It sounds like you have been planning and researching for some time. I found that I didn't need a separate broody area. My family chickens only use the coop to lay eggs and brood. They prefer to treat their yard as their main home and roost in the rafters. My other chickens have a coop with 6 nesting boxes. My broody chicken (so far) tends to lay in the last box which they picked as their laying box and if she is there, the remaining laying hens lay in one or two of the other boxes. I'd be a bit wary of tossing treats in to an area where the chickens are pooping. I lost two hens to coccidiosis. I missed the blood in poop for the first hen and found it only after the second one died. I attribute it to throwing mealy worms into their small yard for treats. I treated the remaining hens and haven't had a problem since although they are supposedly beyond the age of contracting the disease and the two that died were borderline age... I hang in those little baskets lettuce and the like and put other treats for this group in feeders. My "family group" is a small group and I do still toss mealy worms into their yard, but their yard is not full of poop like the larger group of chickens. Home Depot has a material in the lumber department not the flooring department. It is white like formica and comes in sheets like plywood does. This is a nice floor addition. My new coop has similar flooring and it is sooo much easier to clean than my other coop's wooden flooring.... Love your run. I'm still working on another one for the bachelor pad and ducks...
 

we3ernes

Songster
8 Years
Jan 2, 2013
205
306
207
China Spring, Texas
95740C76-5B63-48DB-96F9-1473F9D76DF8.jpeg 91171C1E-B670-4CB6-ABAE-3BC847483D06.jpeg 0A214D91-1B2A-46D5-8983-E0DA8AE5F15C.jpeg
Nice drawing!
Got any elevations and or pics of shed?

Just a couple quickies...
Brooder should be at floor level for integration.
Why hinged poop boards?
What are the circles in storage are labeled fgfcf?

Hey Aart, was hoping you’d pop in. So I don’t have drawn elevations (they are still in my head), but the first picture shows what I was going off of, white board & batten (to match house) with a metal roof (like all our outbuilding will have) with 10” eaves all the way around both to protect the shed and to make it look less shed like. The next two show a larger version of the porch we will have. That one is 6’ deep and ours will only be 4’.

I didn’t word the brooder description well, the TOP of the brooder will be counter height, so it will be at the floor level and the “roof” of the brooder will form a counter. The roof will be hinged so that when that area isn’t being used the roof will fold in half making an 18” deep counter.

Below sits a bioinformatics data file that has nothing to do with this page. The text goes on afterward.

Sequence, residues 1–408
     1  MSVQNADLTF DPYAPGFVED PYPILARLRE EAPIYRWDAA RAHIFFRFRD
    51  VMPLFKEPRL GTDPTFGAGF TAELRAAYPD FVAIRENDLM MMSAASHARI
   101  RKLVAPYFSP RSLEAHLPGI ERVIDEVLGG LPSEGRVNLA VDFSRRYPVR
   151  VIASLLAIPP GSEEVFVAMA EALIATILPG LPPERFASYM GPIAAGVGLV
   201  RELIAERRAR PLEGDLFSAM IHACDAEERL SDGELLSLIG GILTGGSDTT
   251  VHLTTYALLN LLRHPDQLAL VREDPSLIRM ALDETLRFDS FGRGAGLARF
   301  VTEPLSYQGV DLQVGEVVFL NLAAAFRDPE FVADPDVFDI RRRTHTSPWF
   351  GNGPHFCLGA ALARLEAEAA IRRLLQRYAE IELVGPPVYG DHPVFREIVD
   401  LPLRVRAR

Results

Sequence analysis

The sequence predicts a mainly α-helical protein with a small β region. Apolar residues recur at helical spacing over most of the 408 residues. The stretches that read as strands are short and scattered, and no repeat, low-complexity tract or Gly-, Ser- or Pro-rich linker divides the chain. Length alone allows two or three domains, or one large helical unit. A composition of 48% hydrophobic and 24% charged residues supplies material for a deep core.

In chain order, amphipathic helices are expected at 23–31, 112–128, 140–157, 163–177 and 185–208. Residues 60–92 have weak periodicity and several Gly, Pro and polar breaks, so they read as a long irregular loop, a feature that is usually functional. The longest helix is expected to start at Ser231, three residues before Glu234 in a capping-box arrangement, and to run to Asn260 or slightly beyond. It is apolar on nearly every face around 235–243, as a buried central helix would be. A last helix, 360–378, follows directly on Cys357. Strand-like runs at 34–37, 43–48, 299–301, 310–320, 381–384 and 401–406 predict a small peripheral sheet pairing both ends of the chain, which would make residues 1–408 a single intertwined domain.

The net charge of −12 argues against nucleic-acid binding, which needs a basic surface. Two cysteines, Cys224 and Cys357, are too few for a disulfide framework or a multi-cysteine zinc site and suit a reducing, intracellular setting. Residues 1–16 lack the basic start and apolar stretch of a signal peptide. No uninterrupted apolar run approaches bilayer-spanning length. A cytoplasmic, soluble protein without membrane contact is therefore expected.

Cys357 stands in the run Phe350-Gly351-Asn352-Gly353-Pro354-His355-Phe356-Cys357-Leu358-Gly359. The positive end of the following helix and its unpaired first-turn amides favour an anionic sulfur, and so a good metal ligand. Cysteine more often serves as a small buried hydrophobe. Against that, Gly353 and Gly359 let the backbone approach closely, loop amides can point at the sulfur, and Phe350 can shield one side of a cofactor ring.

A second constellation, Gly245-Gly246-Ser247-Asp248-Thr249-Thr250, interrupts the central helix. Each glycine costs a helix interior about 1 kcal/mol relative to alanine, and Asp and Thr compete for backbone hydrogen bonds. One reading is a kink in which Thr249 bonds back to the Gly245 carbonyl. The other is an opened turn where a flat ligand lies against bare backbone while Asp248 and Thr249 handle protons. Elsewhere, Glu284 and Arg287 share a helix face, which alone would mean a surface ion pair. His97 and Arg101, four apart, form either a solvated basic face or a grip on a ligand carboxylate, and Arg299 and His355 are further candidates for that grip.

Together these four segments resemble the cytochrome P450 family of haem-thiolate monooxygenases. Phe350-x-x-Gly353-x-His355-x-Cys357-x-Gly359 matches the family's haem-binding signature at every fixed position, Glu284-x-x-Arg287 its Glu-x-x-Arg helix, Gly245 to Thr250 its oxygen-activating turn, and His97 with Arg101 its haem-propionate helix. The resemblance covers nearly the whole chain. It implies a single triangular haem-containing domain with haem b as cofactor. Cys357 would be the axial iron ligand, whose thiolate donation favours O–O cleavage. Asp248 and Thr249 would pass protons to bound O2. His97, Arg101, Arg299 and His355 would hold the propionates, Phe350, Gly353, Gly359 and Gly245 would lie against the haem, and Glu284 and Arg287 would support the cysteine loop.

I decided to hinge the poop boards so that when I do a really thorough clean-out I can flip them up against the walls and really get the underside clean without crawling around. They don’t necessarily have to have hinges, they can be loose laid and just lift up.

The circles indicate pvc feeders that go through the wall into the run - Feed, Grit, Feed, Calcium, Feed.
 

aart

Chicken Juggler!
Premium Feather Member
8 Years
Nov 27, 2012
96,641
130,475
1,807
SW Michigan
My Coop
My Coop
Gotcha on the brooder.
I made my poop board just sit on angled 2x4 braces with a couple screws going thru back into studs. Easy to remove if needed.
Made roosts removable too, but ended up screwing those down too as I never really needed to remove them to do do the daily poop board cleaning.

Do angled braces like ones on board on left(partially shown),
all the way out to edge of board, I had to 'fix' the ones on right.
full
 

we3ernes

Songster
8 Years
Jan 2, 2013
205
306
207
China Spring, Texas
Gotcha on the brooder.
I made my poop board just sit on angled 2x4 braces with a couple screws going thru back into studs. Easy to remove if needed.
Made roosts removable too, but ended up screwing those down too as I never really needed to remove them to do do the daily poop board cleaning.

What did you make your poop board out of? I’m considering using that white “shower board” supported by a framework of 1x2s underneath. It seems like you’d need at least ½” of plywood for it to be self-supporting and that could get really heavy.

Here’s an old sketch showing how I plan to make the windows (ish). Instead of T-11 siding I found polycarbonate multi-wall sheet goods at Home Depot that I plan on using so they get plenty of sunlight.
photo.JPG